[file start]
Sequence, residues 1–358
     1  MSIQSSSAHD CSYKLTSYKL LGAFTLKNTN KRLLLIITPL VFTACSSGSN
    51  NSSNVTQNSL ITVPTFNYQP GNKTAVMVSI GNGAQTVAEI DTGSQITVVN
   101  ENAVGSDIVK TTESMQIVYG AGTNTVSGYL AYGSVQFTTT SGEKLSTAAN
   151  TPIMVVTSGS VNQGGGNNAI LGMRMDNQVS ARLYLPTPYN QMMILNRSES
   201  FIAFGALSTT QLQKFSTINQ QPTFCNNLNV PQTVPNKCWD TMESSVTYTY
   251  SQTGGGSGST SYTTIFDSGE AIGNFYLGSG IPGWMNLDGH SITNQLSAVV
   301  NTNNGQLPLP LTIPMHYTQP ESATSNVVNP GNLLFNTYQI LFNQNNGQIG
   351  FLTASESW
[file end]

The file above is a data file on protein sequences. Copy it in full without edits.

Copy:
Sequence, residues 1–358
     1  MSIQSSSAHD CSYKLTSYKL LGAFTLKNTN KRLLLIITPL VFTACSSGSN
    51  NSSNVTQNSL ITVPTFNYQP GNKTAVMVSI GNGAQTVAEI DTGSQITVVN
   101  ENAVGSDIVK TTESMQIVYG AGTNTVSGYL AYGSVQFTTT SGEKLSTAAN
   151  TPIMVVTSGS VNQGGGNNAI LGMRMDNQVS ARLYLPTPYN QMMILNRSES
   201  FIAFGALSTT QLQKFSTINQ QPTFCNNLNV PQTVPNKCWD TMESSVTYTY
   251  SQTGGGSGST SYTTIFDSGE AIGNFYLGSG IPGWMNLDGH SITNQLSAVV
   301  NTNNGQLPLP LTIPMHYTQP ESATSNVVNP GNLLFNTYQI LFNQNNGQIG
   351  FLTASESW